Wrist-worn wearable spots signs of IBD

Researchers have designed a wearable device that monitors sweat for biomarkers that could signal flare-ups of inflammatory bowel disease (IBD). 

UT Dallas researchers designed a prototype of a wristwatch-like device that detects two key biomarkers associated with inflammatory bowel disease (Image: University of Texas at Dallas)

Bioengineers at the University of Texas at Dallas demonstrated the wristwatch-like device in a proof-of-concept study funded by the Crohn’s & Colitis Foundation and published in Inflammatory Bowel Diseases.


A sensor in the device detects and quantifies the presence of interleukin-1β and C-reactive protein (CRP), which are two key biomarkers associated with IBD. The study is said to be the first to establish that CRP is present in human sweat and the first to show that the two biomarkers can be detected in sweat.

Dr. Shalini Prasad, department head and professor of bioengineering in the Erik Jonsson School of Engineering and Computer Science and the study’s principal investigator, said the technology could provide a warning but not a diagnosis of inflammatory bowel disease. The goal of the work is to develop a device to help patients gain more control over IBD, which can be unpredictable.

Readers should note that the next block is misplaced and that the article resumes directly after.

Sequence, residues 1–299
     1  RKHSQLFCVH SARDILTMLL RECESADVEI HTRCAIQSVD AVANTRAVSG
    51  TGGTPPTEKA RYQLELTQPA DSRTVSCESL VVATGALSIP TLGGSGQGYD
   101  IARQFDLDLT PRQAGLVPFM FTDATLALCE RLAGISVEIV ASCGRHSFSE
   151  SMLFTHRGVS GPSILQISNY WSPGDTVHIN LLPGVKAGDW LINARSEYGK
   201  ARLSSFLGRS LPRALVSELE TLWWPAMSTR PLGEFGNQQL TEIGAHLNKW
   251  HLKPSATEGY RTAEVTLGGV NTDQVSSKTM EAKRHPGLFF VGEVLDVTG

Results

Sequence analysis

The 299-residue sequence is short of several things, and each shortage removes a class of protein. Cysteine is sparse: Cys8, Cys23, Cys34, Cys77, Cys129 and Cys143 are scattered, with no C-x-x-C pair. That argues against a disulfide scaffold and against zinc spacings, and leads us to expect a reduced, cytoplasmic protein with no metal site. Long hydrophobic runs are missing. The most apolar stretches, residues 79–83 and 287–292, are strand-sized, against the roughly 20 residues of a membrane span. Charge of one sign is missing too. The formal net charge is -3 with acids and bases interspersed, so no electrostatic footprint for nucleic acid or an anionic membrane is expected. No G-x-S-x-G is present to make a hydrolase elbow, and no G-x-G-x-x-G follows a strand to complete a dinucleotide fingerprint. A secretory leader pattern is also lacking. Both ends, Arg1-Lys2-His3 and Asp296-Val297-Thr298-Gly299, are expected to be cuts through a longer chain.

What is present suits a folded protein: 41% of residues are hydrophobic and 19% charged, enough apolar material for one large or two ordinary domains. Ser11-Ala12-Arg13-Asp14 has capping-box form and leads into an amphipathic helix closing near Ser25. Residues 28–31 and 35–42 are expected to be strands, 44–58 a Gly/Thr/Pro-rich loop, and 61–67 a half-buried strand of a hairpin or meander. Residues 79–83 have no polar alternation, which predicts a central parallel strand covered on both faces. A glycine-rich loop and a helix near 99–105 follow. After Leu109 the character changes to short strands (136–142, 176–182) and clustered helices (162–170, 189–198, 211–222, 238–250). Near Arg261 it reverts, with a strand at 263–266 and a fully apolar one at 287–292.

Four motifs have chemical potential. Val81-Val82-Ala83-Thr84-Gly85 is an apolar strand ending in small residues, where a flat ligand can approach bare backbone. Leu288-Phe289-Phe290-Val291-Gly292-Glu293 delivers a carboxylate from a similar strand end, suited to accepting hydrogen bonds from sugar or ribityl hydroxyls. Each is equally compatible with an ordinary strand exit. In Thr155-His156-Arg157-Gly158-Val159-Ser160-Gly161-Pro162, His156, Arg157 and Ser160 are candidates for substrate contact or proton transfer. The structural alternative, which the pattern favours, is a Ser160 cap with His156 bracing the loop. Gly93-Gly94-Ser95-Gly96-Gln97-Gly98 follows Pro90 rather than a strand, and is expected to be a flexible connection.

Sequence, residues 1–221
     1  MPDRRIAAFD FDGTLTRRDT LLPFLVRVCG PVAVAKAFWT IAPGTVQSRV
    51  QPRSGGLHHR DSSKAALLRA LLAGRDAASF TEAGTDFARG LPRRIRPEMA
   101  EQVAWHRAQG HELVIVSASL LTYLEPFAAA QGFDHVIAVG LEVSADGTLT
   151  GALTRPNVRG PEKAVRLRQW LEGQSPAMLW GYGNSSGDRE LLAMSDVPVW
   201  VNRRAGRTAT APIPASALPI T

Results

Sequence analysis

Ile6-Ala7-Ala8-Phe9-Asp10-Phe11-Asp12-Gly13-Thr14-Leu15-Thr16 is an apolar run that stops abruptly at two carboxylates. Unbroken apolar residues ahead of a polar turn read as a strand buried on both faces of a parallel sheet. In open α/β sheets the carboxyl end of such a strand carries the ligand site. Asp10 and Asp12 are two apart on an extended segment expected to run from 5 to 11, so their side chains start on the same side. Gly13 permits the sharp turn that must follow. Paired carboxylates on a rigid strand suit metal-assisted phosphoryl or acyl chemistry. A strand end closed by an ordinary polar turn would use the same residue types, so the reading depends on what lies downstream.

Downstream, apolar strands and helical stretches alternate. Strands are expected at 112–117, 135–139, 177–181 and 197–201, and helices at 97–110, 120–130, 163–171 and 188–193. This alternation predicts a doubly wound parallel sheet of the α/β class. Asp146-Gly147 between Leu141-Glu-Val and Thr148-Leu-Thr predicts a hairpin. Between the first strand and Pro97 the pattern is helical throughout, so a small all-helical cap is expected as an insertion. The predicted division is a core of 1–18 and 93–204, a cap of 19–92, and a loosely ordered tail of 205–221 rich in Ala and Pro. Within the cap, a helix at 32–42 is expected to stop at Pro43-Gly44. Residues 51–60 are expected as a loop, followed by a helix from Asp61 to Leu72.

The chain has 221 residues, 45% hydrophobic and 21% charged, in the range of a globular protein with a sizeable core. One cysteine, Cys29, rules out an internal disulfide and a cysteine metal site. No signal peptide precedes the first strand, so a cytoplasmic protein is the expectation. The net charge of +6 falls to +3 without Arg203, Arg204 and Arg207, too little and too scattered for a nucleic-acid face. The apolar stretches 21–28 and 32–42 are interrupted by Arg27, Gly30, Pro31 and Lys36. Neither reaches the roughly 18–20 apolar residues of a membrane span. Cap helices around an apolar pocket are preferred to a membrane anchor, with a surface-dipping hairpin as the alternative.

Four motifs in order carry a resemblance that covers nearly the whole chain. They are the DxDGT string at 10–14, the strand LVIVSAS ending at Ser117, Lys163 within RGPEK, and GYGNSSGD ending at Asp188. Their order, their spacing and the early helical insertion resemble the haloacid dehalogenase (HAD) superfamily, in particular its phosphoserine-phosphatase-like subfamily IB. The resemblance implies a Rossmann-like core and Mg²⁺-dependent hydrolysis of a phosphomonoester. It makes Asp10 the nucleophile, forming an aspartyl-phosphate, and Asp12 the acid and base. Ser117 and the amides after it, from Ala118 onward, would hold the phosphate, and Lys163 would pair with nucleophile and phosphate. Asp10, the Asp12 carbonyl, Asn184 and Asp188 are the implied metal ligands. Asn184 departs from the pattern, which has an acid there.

“It’s like the check-engine light in a car,” Dr Prasad said in a statement. “The warning signal doesn’t mean a patient is having a flare-up, but it could give the person the chance to intervene earlier, when the symptoms may be more responsive to treatment. The device also could help doctors understand sooner whether a treatment is working.”

The researchers monitored the levels of the two biomarkers in 20 healthy volunteers to show that the biomarkers could be tracked and to establish the levels of biomarkers in people without IBD.

The researchers used passive sweat, so the wearer did not need to engage in physical activity or have their sweat glands expressed to generate a sample. The sweat is collected on a removable strip incorporated into the wrist device that must be changed daily. That the device collects passive sweat is important because people with IBD may be unable to exercise at levels needed to generate active sweat, Prasad said.

The prototype will be tested on patient volunteers in a second phase of the research, also funded by the foundation, and must undergo further testing before it can become available to patients.

The device has the potential to track other diseases and conditions marked by an inflammatory response. Prasad’s team is investigating whether it could alert people to increases in cytokines, which are proteins released by the immune system at the early stages of a viral infection, such as COVID-19.